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  5. "Моя сестра любит мыться вече…

"Моя сестра любит мыться вечером."

Translation:My sister likes to shower in the evening.

November 14, 2015



'My sister likes to wash in the evening' why is this wrong?


As an Australian, if someone said this, I would ask "wash what"?

It's not really natural to talk about washing yourself using just the declination "wash". In fact even saying "wash myself" or "wash up" sounds archaic, unless you're doing a quick wash and/or covered in grime.

Bathe or shower is correct.


Same in the American English I'm familiar with.

"wash up" would probably mean "wash your hands and maybe your face"

People in the US "take a bath" or "take shower" or "shower" (rarely if ever "bathe" - too formal and high-fallutin), they don't just "wash" or even "wash themselves".


But this is a Russian course. I was in a dormitory-type situation in eastern Europe, and in the morning, in the men's room it was standard to see men lined up in front of the sinks washing themselves - no showers or baths. How do you express this in Russian?


The same. It's just that here in this context, you'd expect the Person to still have taken a sponge bath in the morning, so the washing oneself implies a thorough wash, i. E. Either a shower or a bath.

That's why these are the preferred translations here.

Same if it said утром. It's not a novelty to wash oneself in the morning, if you talk about liking to do that in the morning, you must mean sth more thorough than "normal".


It's 100% natural in British English.


I want to know this too. мыться is accepted as "to wash" in other examples.


Because мыться is reflexive and it means wash oneself.


but, at least in English, "to wash" without a direct object is itself reflexive. We don't say "I need to shower myself before i head to class" or "I will wash myself before dinner"...


I didn't know that. Is this in British or American English? So it's normal to say "I will wash before dinner"?


American. In the South and West we might say "Wash up before dinner" as a colloquialism.


I'm British, and I'd say e.g. "I'm going to wash first" to mean I was going to wash myself before doing something else.


I thought "to shower" means "принимать душ"


Yes, it does. But "мыться" is also often used and it is commonly translated as "to shower" too.


Yes, if I say "Мне надо принять душ" - this means I need to shower, but 'мыться' or 'помыться' means to wash all my body with any way possible, like showering, bathing, even washing myself in a lake or river, or somebody pouring water on me from the bucket.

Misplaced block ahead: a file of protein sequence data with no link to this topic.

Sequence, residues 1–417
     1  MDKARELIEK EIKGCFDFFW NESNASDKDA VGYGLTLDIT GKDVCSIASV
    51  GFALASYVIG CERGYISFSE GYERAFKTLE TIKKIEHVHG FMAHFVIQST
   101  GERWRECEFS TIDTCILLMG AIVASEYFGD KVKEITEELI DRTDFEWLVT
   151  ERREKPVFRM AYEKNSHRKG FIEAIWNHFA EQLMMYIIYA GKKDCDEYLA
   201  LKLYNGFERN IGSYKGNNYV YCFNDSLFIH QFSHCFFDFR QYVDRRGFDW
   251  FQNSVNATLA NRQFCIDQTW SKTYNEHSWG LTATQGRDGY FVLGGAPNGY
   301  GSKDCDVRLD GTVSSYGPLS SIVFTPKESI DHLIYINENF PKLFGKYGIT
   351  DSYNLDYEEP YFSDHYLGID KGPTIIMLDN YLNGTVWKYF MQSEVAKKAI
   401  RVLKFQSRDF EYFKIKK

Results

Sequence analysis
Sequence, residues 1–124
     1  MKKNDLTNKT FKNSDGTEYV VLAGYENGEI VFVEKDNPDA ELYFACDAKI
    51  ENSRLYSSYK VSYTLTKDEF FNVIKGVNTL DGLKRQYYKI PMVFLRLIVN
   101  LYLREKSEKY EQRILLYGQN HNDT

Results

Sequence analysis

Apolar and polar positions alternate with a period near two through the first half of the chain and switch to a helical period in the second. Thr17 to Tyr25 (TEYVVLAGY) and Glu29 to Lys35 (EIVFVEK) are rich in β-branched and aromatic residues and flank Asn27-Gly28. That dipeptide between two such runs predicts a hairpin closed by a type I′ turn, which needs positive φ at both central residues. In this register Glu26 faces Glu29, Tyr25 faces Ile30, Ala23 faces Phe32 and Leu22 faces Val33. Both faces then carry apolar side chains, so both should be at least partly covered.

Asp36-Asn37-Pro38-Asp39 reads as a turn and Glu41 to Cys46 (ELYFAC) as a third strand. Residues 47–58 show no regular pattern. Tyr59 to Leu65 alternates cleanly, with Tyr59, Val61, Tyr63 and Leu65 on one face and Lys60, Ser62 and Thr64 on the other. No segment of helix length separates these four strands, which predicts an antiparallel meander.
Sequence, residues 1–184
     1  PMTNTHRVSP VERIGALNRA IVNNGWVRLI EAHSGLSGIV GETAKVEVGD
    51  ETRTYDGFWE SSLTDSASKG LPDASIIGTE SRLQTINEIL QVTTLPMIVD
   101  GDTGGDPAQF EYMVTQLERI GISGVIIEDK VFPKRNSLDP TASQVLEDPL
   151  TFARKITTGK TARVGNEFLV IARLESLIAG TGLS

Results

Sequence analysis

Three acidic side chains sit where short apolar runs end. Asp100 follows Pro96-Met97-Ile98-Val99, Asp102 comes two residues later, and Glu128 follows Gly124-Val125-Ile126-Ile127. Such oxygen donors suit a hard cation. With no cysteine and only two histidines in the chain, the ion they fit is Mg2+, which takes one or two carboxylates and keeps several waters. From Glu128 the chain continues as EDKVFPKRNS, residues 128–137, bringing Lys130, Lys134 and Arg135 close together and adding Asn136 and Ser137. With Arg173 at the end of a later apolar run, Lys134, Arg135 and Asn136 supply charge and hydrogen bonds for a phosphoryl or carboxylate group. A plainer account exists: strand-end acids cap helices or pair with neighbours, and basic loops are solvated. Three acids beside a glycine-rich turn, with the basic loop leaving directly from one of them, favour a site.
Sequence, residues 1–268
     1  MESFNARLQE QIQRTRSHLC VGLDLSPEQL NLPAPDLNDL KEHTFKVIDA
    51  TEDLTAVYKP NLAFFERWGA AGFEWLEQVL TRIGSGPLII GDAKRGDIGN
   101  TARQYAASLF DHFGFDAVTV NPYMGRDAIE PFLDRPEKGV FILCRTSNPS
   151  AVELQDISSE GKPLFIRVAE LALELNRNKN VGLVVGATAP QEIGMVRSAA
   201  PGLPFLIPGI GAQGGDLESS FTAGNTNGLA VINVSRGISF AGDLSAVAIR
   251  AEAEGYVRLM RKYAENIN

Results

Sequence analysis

please someone from the admins start adding some of the possible answers to the database, the work would be really appreciated. I cannot imagine that I am the first one asking to add the british English to bath to the database.

My sister likes to wash in the evening" also don't see anything wrong with that one, as мыться is even listed in the note section with to wash oneself. That one was already referred to one year ago. (maybe I am missing something on that one, but I cannot make out an error here)


You mean "bathe"? I thought that "bath" was exclusively a noun. "Bathe" seems acceptable to me.

As for adding to the database, I am confident that the Contributors are working hard to improve Duolingo's vocabulary, but it is a large course and there are not too many Russian-English speakers here, so it pays to just leave a report and try to be patient. It can get frustrating at times, but nothing is perfect, especially services in the 'free-to-use' realm. It can only improve.


'My sister likes to wash in the evening' - what's wrong with that? Thanks, Duolingo, that means I can't do any more studying today!


Я тоже. для меня, это лучше мыться вечером чем утром.


Is "My sister likes to take a shower in the evenings" incorrect?


Interesting that in this exercise, "in the evening" = вечером (in Instrumental case), while "five in the evening" is в пять вечера (in genitive case).


мыть means to wash something, мыться is to wash oneself. Washing up should be an acceptable translation. принять душ, however, would more likely be translated as taking a shower.

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